“Mangroves are rich breeding ground for a variety of aquaculture, and the local fishing community lost their source of survival,” lamented Nandakumar Pawar, Head of Shri Ekvira Aai Pratishtan. All our complaints to the authorities have fallen on deaf ears as large-scale violations of the provisions of the environmental clearance have gone scot-free, Pawar said.

The MCZMA itself just passes the buck to the district coastal zone committees which do not seem to bother about the violations, Pawar added.

“The sad part is,” Kumar argued, “even the HC-appointed committee directives have been ignored and as a result of which debris on mangroves under NMSEZ is yet to be removed, choking and killing the vital sea plants.”

In Kharghar, too, local activists Naresh Chandra Singh and Jyoti Nadkarni have been complaining against the encroachment on mangroves and unauthorised prawn farming. “Inspections have taken place with no action whatsoever,” Nadkarni said.

“We wonder why and how agencies such as Cidco turned a blind eye to the encroachment,” Singh said.

The issue assumed a serious turn recently when a lady birder was abused and threatened by goons at the Kharghar illegal prawn farm site.

While Cidco has not taken any action to protect the mangroves, the forest department hasn’t stepped in either. “It is the issue of jurisdiction and our hands are tied as it is Cidco’s area,” a forest official said.

Maharashtra has over 32,000 hectares of mangroves -- 16,984 hectares of which are now declared as protected forests. Over 13,000 hectares of mangroves, including the 900 ha stretch under Godrej, are privately owned mangroves. Cidco recently handed over small patches of mangroves totalling about 350 hectares; it has over 1,000 hectares which is yet to be transferred to the forest department for protection.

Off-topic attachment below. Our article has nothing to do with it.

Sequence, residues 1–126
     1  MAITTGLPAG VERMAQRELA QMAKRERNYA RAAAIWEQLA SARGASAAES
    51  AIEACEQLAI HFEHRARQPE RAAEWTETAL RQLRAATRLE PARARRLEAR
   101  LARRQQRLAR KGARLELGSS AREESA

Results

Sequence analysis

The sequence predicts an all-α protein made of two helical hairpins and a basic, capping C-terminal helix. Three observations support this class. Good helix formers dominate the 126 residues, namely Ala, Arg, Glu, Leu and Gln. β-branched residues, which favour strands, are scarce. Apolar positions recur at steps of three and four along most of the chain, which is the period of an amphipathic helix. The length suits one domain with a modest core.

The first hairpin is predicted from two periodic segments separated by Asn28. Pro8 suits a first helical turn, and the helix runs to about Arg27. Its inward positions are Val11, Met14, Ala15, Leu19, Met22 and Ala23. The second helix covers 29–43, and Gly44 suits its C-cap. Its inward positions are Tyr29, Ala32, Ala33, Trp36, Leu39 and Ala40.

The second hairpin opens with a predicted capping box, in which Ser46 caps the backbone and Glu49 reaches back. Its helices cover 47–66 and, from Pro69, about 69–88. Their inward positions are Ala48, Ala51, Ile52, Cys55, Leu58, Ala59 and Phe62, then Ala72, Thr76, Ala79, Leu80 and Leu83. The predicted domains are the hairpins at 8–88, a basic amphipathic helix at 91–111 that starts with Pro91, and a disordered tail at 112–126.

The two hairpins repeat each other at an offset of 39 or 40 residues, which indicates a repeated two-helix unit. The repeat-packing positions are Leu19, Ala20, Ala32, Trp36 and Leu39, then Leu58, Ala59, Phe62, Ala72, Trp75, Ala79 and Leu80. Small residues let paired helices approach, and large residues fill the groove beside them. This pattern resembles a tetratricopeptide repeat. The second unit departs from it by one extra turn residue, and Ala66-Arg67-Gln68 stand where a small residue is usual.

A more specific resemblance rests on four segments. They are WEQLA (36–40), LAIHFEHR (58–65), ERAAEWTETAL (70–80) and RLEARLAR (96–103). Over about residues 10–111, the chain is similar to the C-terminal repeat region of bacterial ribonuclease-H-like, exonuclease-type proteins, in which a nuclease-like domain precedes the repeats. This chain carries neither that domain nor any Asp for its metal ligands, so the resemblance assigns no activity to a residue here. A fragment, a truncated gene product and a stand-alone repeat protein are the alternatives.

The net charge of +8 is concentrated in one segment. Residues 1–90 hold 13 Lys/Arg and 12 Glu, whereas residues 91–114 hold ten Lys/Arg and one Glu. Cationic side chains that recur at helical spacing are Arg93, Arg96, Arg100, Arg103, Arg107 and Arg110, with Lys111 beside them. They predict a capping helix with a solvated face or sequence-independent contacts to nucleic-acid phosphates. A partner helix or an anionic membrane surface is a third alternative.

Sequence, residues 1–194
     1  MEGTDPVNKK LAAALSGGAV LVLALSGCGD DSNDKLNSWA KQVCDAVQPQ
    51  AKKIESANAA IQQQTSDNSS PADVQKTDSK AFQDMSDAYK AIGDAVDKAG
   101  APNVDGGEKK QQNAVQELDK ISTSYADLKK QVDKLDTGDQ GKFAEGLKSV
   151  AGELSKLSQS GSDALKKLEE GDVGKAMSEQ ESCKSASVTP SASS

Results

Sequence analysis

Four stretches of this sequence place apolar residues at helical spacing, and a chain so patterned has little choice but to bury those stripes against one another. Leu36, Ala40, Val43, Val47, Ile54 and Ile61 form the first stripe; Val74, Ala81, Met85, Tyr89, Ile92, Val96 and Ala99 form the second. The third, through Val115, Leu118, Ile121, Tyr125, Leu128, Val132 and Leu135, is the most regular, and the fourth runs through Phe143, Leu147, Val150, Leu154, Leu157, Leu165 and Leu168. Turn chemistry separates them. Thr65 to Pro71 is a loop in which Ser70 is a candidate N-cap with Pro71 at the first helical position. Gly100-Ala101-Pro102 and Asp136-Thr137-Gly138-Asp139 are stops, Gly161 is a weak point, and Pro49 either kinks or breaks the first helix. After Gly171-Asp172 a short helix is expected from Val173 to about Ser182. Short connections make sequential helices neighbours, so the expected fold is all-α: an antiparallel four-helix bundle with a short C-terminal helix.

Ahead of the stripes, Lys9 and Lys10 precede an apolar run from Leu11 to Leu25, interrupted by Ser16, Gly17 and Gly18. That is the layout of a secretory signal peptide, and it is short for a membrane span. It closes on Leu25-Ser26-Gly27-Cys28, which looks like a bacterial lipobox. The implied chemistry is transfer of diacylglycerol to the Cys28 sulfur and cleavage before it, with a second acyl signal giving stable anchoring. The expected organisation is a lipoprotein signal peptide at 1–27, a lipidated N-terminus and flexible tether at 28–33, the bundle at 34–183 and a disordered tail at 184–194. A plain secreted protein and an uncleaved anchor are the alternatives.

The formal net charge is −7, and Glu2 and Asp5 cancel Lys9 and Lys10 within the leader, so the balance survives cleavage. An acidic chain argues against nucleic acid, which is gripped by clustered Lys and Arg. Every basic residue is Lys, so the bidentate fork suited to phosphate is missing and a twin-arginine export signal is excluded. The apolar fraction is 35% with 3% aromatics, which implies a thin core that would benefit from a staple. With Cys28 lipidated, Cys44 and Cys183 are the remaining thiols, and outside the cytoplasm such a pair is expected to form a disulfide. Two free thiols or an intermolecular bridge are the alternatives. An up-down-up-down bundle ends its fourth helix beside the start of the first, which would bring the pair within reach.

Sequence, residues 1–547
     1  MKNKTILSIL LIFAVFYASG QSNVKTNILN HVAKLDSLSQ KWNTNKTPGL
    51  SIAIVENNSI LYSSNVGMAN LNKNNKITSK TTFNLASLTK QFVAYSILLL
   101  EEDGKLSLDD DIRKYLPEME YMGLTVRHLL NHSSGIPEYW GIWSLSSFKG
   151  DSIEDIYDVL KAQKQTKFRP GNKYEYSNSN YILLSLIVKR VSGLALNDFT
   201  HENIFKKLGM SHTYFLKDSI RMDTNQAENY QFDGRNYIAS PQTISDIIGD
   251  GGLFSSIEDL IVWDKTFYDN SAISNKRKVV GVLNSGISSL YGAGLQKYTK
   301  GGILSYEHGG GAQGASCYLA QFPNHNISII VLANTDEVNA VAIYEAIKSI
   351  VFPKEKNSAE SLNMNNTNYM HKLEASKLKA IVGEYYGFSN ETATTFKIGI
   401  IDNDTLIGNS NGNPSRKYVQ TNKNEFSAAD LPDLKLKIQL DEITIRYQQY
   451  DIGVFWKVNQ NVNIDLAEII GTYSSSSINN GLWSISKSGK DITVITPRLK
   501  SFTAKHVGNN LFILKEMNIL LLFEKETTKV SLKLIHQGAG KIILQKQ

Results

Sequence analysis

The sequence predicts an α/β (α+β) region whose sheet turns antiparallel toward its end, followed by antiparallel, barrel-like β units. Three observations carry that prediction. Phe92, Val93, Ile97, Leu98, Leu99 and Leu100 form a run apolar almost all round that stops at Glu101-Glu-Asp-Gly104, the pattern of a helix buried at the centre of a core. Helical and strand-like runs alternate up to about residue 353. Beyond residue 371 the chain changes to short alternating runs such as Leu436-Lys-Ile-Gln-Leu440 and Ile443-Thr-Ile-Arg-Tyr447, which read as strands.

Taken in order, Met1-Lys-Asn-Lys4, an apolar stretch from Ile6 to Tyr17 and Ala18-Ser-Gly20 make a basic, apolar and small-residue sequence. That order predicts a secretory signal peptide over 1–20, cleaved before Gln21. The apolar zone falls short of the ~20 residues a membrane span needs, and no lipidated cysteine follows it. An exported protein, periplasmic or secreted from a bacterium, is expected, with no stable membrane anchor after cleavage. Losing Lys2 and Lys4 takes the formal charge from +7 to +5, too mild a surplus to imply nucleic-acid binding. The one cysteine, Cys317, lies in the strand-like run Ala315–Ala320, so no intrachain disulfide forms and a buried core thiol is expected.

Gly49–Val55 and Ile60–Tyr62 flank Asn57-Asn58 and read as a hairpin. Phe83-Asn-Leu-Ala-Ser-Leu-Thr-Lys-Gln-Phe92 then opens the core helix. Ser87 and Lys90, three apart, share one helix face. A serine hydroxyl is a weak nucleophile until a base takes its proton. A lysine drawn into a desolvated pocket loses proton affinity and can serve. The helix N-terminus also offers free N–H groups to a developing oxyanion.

Kumar pointed out that hundreds of hectares of mangroves under NMSEZ are yet to be accounted for. “On our complaint, Chief Minister Uddhav Thackaray has asked the forest department to look into this which, in turn, passed on the buck to the mangrove cell,” NatConnect said.

Following a contempt petition filed by Vanashakti in the Bombay High Court, JNPT was literally forced to admit that it has 913 hectares of mangroves in its project area and the port promised to hand over sea plants to the forest department after getting a high-resolution satellite imagery.

Meanwhile, there is no accountability for the thousands of mangroves buried for the JNPT SEZ project, Pawar pointed out, and suggested that the forest department just go with the official coastal zone maps and take over the mangroves. “If they wait for agencies like Cidco, we will only lose more mangroves to land sharks,” he warned.

If one just drives past the Vashi toll naka, off the Thane Creek, the irony cannot be missed. Hundreds of healthy mangroves have been uprooted and pushed aside by gigantic machines on both sides of the road, for the developmental project of extending the bridge over the sea.

“The destruction of the Vashi toll naka mangroves has been done legally for the bridge development project; however, it is still sad to watch these hardy green sea plants that have survived all odds being trampled for infrastructural development,” said Kumar.

Vijay Singh, Mumbai Mirror, Navi Mumbai